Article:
RHEL6 package name for libdb is db4

Close to impossible to understand, but I just spent quite some time to figure out the package name for the Berkeley DB, libdb on RedHat (RHEL6).

Silly me. I should have known that the package is called “db4” and nothing else. After figuring that out, tacking on a “-devel” to get the headers package was piece of cake.

Howto install perl modules

I often find myself trying to install (binary) packages that have dependencies to perl modules.

Because I work on varying platforms, sometimes RHEL/RedHat, CentOS, sometimes Debian based, like Ubuntu, and sometimes, less often now, but maybe I will go back again, to Gentoo. In many ways my ideal platform.

However, Perl is wicked, and the concept of perl modules in a package manager is even more crazy.

What are we going to do when we need a new version of a software (say, amavisd-new) that is not available in the distros package library?

I’m thinking, build from source and you can’t go wrong, right?

In the case of amavisd-new, these are the listed prerequisites:

Archive::Zip   (Archive-Zip-x.xx) (1.14 or later, currently 1.23)
Compress::Zlib (Compress-Zlib-x.xx) (1.35 or later, currently 2.008)
Compress::Raw::Zlib (Compress-Raw-Zlib) (2.017 or later)
Convert::TNEF  (Convert-TNEF-x.xx)
Convert::UUlib (Convert-UUlib-x.xxx) (1.08 or later, stick to new versions!)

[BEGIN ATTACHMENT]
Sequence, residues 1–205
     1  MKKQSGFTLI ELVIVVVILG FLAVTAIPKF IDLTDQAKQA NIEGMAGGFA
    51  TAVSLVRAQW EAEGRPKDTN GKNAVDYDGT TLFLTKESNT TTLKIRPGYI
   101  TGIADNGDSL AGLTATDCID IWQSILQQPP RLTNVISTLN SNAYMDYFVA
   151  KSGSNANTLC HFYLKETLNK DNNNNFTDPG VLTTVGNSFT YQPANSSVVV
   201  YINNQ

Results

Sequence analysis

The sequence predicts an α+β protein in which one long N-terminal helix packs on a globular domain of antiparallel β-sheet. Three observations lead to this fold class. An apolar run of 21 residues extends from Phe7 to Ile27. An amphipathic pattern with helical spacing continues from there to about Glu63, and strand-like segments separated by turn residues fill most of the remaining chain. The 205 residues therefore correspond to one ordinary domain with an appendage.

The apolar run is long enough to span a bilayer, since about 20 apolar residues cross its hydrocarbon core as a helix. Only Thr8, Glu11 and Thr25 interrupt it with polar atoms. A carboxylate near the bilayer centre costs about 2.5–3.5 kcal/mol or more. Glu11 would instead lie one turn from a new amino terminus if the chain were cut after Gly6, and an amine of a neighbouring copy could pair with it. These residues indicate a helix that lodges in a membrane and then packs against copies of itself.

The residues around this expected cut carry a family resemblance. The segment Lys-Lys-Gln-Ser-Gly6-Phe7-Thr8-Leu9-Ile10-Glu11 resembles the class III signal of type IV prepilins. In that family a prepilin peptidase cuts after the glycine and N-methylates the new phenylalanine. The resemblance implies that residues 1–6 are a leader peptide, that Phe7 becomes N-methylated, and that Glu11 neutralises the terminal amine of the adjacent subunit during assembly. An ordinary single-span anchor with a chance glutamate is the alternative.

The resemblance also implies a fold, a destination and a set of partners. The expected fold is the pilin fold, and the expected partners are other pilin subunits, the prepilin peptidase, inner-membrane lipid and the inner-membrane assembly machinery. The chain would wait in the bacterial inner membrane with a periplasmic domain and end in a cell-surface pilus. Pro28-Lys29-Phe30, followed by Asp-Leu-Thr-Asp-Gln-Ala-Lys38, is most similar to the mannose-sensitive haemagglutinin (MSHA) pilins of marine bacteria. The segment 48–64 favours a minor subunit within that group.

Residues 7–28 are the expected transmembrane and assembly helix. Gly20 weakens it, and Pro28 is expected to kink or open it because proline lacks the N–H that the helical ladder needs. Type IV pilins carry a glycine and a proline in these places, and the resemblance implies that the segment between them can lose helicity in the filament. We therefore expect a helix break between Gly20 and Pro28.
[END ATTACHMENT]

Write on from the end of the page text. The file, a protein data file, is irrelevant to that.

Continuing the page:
MIME::Base64   (MIME-Base64-x.xx)
MIME::Parser   (MIME-Tools-x.xxxx) (latest version from CPAN - currently 5.425)
Mail::Internet (MailTools-1.58 or later have workarounds for Perl 5.8.0 bugs)
Net::Server    (Net-Server-x.xx) (version 0.88 finally does setuid right)
Digest::MD5    (Digest-MD5-x.xx) (2.22 or later)
IO::Stringy    (IO-stringy-x.xxx)
Time::HiRes    (Time-HiRes-x.xx) (use 1.49 or later, older can cause problems)
Unix::Syslog   (Unix-Syslog-x.xxx)
BerkeleyDB     with bdb library (preferably 4.4.20 or later)
Mail::DKIM     (Mail-DKIM-0.31 or later)

So, if I’m going to install amavisd-new, from souce, on a RHEL6 server, what do I need to do? -Well, I’ll show what I did. Not neccessarily what is the best thing to do… OK?

yum install cpan
perl -MCPAN -e shell

(going with the defaults, automatic is nice)

When I attempted to install the first module (Archive::Zip), I discovered that I did not have web access from my server, so I had to download the CPAN modules by hand. I did this by using the powerful http://search.cpan.org/ search tool, and just pasting the package name (Archive::Zip) in the search box and then downloading the tar.gz packages one at a time.

Manual installation of 1 CPAN package:

tar zxf Archive-Zip-1.31_04.tar.gz
cd Archive-Zip-1.31_04
perl Makefile.PL
make
make test
sudo make install

Had I had internet connection available:

perl -MCPAN -e 'install Archive::Zip'

The beauty of CPAN installation is that it resolves dependencies automatically.

authorized_keys SELinux pubkey authentication on RHEL / CentOS

So, you have correct permissions on your home directory and all the way up to /, with no other-writable directories in the path, as well as correct permissions on the .ssh directory in $HOME, and it still doesn’t work? You probably have SELinux, and need to put the newly created files in the correct security context. Do it with restorecon like this:

chmod 700 ~/.ssh
cd ~/.ssh
chmod 600 ~/.ssh/*
chmod 644 ~/.ssh/authorized_keys
chmod 644 ~/.ssh/known_hosts
chmod 644 ~/.ssh/config
restorecon -R -v ~/.ssh